“Killed while taking a leak,” Henderson says, shaking his head. “Rough break.”

I nod, faking sympathy for the dead young man. “The blood spatter suggests that he was hit with something heavy and broad. He staggered back, away from the trees and then fell to his knees. He was hit again in the back of his head and finally collapsed, right where he’s laying now. But he wasn’t dead yet. Another strike to the head here, and another one here,” I indicate with my finger, “finished him off.”

“What kind of a weapon do you think we’re looking for?” Henderson asks, nodding and taking it all in.

“Probably a heavy branch from one of these trees. The pattern of wounds are irregular. Like the bark of a tree. I’ve seen it once or twice in Miami. This probably wasn’t a planned attack, and the attacker was very inexperienced.”

Henderson nods again, thoughtfully this time. “I appreciate your expertise,” he says, just as a man and a woman jog up to the scene, waving once at the police chief.

Henderson’s face breaks into a smile, and it’s a wonder that the stony exterior doesn’t crack into a million pieces by the movement.

“Kent and Kent!” he says, waving them over, warmth infusing his gruff voice. Funny, he’s been barking at the rest of us like a pit bull all morning.

Chief Henderson,” the man greets him, in a voice both grave and warm, smiling brightly the whole time. “Congratulations again, Bill.”

“Thanks, Clark,” the police chief replies, seeming to forget poor invisible Dexter. Not that I mind. Being invisible often has its advantages. Especially for people with my hobby.

“Sorry we didn’t get the chance to speak with you last week,” the woman says. “But that press conference after the ceremony was crazy.”

Henderson laughs, and I almost do a double take at the unexpected sound. “Yeah, you’re telling me, Lois. I wanted to speak with you both also, give you a few exclusive quotes. But the mayor got a hold of my ear and wouldn’t let go. He can talk for hours if you let him. Especially about golf. Anyway, I read the article that you two wrote on it. Thanks for making me look good.” He laughs again.

“Our pleasure. Say, what are you even doing here?” Lois asks. “Shouldn’t you be off in some cushy office?” She grins at him.

Henderson shrugs. “Old habits die hard. Plus, half the station came down with the flu. My entire forensics team is out today. That’s why Morgan here is giving me a hand. Thank God for the forensics convention being held this week in the Lexor.”

“Right. I’m covering some of it when it starts tomorrow.” Clark holds his hand out to me and I strip off my latex glove to shake it. “Clark Kent and my wife Lois. We’re reporters for the Daily Planet. A pleasure to meet you.”

“Dexter Morgan. Miami Metro Homicide. I specialize in blood spatter. I’ve read your work. You guys covered that serial killer what, five, six years ago in Metropolis, right?”

Lois nods. “Yeah. Bret Craig. The Clown Killer. What a freak. Who dresses up in clown makeup to slip into nursing homes to kill old people?”

“Yeah,” I agree. “Some sick people out there.”

And I do agree. Clown makeup is creepy enough, even to a monster like me. Whatever happened to the good old fashioned stalk-in-the-shadows like I am so fond of?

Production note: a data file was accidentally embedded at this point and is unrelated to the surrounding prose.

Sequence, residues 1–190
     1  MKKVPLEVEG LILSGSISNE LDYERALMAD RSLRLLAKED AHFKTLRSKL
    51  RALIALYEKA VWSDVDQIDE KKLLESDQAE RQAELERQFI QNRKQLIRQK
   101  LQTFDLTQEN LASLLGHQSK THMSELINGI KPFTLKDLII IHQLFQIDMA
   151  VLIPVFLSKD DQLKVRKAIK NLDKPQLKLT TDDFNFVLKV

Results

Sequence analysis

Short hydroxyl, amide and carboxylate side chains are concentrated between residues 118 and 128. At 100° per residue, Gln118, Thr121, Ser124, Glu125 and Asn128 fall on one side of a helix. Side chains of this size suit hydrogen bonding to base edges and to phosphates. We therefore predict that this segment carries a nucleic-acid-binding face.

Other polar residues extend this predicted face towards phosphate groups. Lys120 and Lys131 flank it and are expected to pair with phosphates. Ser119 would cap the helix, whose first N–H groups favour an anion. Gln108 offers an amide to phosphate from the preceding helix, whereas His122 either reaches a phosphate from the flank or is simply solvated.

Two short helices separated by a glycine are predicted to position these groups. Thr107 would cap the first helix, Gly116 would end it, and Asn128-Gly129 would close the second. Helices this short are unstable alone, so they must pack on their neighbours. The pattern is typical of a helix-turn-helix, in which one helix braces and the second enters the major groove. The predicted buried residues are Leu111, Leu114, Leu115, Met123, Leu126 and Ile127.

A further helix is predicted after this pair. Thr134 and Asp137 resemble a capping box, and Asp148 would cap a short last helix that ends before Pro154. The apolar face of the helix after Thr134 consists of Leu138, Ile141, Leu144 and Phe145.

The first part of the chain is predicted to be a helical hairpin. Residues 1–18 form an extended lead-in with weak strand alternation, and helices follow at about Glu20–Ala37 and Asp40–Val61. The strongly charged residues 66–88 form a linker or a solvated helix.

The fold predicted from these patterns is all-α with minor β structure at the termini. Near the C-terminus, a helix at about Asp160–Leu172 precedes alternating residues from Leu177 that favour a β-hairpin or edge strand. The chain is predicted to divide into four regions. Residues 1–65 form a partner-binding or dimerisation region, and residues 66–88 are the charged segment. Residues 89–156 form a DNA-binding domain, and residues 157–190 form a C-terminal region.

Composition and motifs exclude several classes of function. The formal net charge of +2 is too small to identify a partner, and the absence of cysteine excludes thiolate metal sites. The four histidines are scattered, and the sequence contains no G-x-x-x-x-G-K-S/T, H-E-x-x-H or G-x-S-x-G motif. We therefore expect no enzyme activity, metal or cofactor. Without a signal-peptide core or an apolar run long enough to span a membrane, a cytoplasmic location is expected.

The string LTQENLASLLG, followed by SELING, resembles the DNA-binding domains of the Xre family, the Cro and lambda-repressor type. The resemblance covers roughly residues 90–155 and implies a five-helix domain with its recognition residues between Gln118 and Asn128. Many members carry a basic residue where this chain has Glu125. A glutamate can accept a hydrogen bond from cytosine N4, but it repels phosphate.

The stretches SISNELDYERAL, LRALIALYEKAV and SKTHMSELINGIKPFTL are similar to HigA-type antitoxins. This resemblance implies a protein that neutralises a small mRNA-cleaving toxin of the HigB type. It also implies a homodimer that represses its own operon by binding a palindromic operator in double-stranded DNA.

“So, what have we got here?” Clark asks, gesturing to the scene behind us.

A body bag is being zippered closed around the victim. A team of officers begins to lift him onto a stretcher to be taken to the morgue. Another officer comes over to me, and I hand over my borrowed camera and blood kit, the samples neatly nestled inside.

“Male victim, approximately nineteen years old. Hit from behind twice, then from the front. Most likely robbed. We found an empty wallet nearby, nothing but a library card and a fake ID. Name on the library card says Alfred Villanova. Name on the ID says Ray Solace, twenty four years old. Probably drunk off his ass.”

Lois is writing the details down in a small notebook, her dark hair falling before her face as she bends her neck over her task. She tucks the stray locks back behind her ear. “Anything else you can tell us?” she asks, never looking up from the paper.

Henderson nods. “The body was found by a couple walking their two German Shepherds. That was about two, maybe three hours ago. Time of death was approximately…” he glances at me.

“Uh, somewhere between two and four am.”

An odd look flashes in Clark’s eyes. It’s there and gone in less than a second, but my Dark Passenger stirs sleepily at it nonetheless.

Was it guilt?

Out of the corner of my eye, I sneak a look at the police chief. He doesn’t seem to have noticed. Perhaps the easy familiarity with these two reporters has blinded him to such things. Me, I file the look away in the back of my mind.

I quickly assess the man now. His height and build fit the profile of the teen’s killer. The blood has told me the whole story. How the attacker had to be around six feet tall. How strong he’d need to be to wield the tree limb that took the drunk’s life. Clark has the right height and would certainly have the strength to wield the murder weapon. I felt the power in his handshake and he’s clearly in top physical form.

“Superman was off fighting a brush fire in California about that time,” Clark says thoughtfully.

“He can’t be everywhere at once,” Henderson shrugs. “I saw the footage of him on the news this morning. He saved the lives of hundreds last night.”

Clark nods, and I notice the slightest reluctance to his agreement. “Well, once you have a suspect, I’ll make sure to ask Superman to keep an eye out for whoever it is. I’m sure he’d be more than willing to help out.”